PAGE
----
Creating a new design policy in the 21st century

Photo: Emmi Korhonen (STT Lehtikuva)

Europe´s future industrial policy should be green, for all, and based on fair competition. In this ambitious task, design is certainly needed in transforming our societies and businesses. Politicians and experts are welcoming design as an integral part of our value change, and from now on the ball is in our court. Design indeed has a golden time to flourish, but how to convince politicians and decision-makers? This was carefully handled and discussed with an established group of experts from the fields of business, environment, government, policy-making, technology and design last week for the first international design policy conference “Successful Europe – How can design serve?” in Helsinki.

Moderated by BEDA’s president Päivi Tahkokallio, the intensive and collaborative day at Central Library Helsinki created a needed dialogue between design field, policy makers and relevant stakeholders in Europe. Politicians need facts and numbers in order to understand what design as a branch has to offer. This knowledge needs to be spread out widely.

Minister of science and culture, Hanna Kosonen highlighted the role of design in our everyday life in her opening speech. As a politician she stressed that politicians need better understanding of how to support the creative field with legislation in Europe and ho to enable co-working with citizens. She also reminded that design has a role in creating immaterial value, necessary for sustainable growth.

A very promising message to design field in Europe was delivered by our keynote speaker Anna Athanasopoulou, Head of Tourism, Emerging and Creative Industries at the European Commission. Athanasopoulou recognized the issue of not enough funding and invited the creative industry to look at different funding instruments e.g.: COSME 

As Europe and legislation is changing our realities in the near future, Athanasopoulou foresees that  design can create solutions in fields such as green transition, the shift towards circularity, sustainable production and consumption, bringing solutions closer to local communities, and human-centric technologies.

EU supports the creative industry by ensuring a favorable policy environment (policy coordination and cooperation in the fields of culture policy: audiovisual and media, industrial and international trade) and legislation (by protecting the rights of the creative industry e.g. intellectual property rights).

By the end of this year, the Commission will propose European Green Deal, which is an ambitious attempt to make Europe the first carbon-neutral continent by 2050. This includes climate neutrality, strong clean industry and social equality. New Circular Economy Action Plan in turn, on the other hand is focusing on sustainable resource use, especially in resource-intensive and high impact sectors such as textiles and construction.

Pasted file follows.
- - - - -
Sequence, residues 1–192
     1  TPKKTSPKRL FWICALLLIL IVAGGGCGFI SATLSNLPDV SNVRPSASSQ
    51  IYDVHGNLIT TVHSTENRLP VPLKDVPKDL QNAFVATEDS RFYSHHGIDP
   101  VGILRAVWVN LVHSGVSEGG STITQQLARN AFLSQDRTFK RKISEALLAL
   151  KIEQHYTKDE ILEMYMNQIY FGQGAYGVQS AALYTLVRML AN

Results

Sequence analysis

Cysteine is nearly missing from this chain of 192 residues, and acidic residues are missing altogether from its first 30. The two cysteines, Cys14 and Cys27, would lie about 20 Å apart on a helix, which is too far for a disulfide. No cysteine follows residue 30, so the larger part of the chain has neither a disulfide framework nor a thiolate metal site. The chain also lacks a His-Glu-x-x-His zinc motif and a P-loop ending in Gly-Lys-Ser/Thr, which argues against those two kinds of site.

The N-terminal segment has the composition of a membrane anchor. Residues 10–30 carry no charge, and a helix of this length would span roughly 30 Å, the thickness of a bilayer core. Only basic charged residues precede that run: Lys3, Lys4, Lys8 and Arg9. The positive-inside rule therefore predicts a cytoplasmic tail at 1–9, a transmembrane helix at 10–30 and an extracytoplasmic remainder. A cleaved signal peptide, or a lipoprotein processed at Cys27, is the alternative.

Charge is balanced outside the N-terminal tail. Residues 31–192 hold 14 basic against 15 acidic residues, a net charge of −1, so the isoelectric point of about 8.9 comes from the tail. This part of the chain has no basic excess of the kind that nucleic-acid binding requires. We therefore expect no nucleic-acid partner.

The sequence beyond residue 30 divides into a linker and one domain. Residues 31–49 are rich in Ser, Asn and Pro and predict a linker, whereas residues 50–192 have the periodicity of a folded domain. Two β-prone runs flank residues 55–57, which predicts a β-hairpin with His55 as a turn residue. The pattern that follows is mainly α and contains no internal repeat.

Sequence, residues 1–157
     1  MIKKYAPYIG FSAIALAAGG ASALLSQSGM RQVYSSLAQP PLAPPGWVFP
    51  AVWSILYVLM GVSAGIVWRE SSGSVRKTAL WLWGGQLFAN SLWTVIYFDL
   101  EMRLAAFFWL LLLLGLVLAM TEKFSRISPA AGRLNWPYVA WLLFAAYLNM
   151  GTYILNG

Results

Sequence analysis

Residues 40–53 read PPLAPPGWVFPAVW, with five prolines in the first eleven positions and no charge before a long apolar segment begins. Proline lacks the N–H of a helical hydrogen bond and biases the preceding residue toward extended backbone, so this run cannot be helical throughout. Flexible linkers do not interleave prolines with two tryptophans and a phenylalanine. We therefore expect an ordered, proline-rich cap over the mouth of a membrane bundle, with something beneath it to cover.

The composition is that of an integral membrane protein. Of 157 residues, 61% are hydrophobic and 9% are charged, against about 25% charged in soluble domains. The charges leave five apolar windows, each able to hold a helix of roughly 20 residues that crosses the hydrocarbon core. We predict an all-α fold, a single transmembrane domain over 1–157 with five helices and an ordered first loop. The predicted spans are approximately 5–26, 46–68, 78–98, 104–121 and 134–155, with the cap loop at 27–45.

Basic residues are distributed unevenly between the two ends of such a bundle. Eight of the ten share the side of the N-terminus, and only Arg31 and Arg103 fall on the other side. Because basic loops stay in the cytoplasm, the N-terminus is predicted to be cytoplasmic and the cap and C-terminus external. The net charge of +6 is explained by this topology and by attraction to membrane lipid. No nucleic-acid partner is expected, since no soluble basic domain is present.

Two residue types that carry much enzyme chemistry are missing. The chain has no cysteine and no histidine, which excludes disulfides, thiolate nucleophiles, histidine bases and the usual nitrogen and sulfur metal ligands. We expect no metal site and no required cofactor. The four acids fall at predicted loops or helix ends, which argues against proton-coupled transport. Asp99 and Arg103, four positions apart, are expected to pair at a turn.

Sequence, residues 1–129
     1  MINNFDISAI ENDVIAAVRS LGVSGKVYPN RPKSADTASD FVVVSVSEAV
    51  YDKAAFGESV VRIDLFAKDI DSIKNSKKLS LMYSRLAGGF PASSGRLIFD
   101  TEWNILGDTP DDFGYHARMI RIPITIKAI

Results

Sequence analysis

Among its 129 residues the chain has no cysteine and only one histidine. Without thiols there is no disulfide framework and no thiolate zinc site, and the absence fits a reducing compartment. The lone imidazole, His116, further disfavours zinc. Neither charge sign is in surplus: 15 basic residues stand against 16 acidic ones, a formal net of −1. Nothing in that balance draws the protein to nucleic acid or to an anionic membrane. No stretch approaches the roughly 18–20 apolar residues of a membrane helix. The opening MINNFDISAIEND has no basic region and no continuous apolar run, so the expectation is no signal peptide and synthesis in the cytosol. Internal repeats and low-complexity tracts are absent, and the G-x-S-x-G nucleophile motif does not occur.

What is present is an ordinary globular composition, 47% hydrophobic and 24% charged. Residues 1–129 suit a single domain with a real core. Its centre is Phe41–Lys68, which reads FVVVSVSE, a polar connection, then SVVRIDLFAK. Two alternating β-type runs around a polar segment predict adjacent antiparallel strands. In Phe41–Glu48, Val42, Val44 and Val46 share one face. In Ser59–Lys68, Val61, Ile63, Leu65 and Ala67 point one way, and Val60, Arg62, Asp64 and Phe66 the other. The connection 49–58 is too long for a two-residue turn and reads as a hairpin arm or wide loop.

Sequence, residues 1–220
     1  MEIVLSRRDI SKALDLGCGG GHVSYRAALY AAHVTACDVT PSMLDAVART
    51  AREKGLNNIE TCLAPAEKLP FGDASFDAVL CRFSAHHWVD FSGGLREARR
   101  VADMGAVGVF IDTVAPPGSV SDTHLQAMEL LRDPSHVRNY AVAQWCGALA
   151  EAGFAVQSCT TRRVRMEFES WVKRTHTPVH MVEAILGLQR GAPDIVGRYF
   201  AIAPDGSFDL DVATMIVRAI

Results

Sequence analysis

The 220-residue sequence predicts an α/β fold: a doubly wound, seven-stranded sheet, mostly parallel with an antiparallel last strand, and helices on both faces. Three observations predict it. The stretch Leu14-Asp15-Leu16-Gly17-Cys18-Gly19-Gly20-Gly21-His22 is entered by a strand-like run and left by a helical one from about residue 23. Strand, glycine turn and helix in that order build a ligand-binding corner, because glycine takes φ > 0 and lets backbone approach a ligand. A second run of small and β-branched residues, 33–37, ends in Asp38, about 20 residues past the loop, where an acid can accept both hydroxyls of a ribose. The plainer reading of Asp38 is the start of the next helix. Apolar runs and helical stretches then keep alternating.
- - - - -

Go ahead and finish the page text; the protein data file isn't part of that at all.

Supporting small and medium-size business, finding a European solution for ethical questions related to technical innovations (5G, AI), and the need to make Europe globally stronger were also discussed.

Athanasopoulou also discussed the new political guidelines for the next European Commission.

The future is in inclusion and collaboration

Professor of Practice in Contemporary Design, Julia Lohman from Aalto University presented her experimental work with seaweed. She stressed that design needs to come up with more options than human-centric framing by building empathy and knowledge between different groups of people and also species.

Openness and equality were also handled in Tommi Laitio’s speech. As an executive Director, Culture and Leisure from Helsinki City he presented The Oodi library as an example of how values are built into the design of the public space.

Design has a special place in productivity and research

Chairman of IFRSI and former commissioner Erkki Liikanen, foresaw promising times for designers to enhance productivity of companies. Liikanen also stressed that the true potential of digitalization has not yet been reached.

“If you don’t change your taste or habits, you’re an ideal candidate for AI design. However, when the world or your lifestyle changes, human designers are needed. Only human designers understand the human experience and that is something AI is not able to replace”, Liikanen told the audience.

After an intensive workshop afternoon at Maijansali the audience had a chance to hear an example of design methods integrated into science making process. In his closing speech, president and CEO of VTT Antti Vasara presented his organisations goals in building a sustainable yet competitive Europe.

“How do we invest in research and innovation, is really in the heart of the new commission. It is important to explain to decision makers why it makes sense to fund research.”, he claimed.

Vasara’s effort in EU’s 2030 High Level Industrial Roundtable was also handled. See a list of actions for the next commission here. 

 

BEDA: Towards a Next Generation Design Policy for Europe

Ornamo: Design as a Driver for Change in Society and Sustainable Development

 

Text: Elina Perttula & Kaskasmedia

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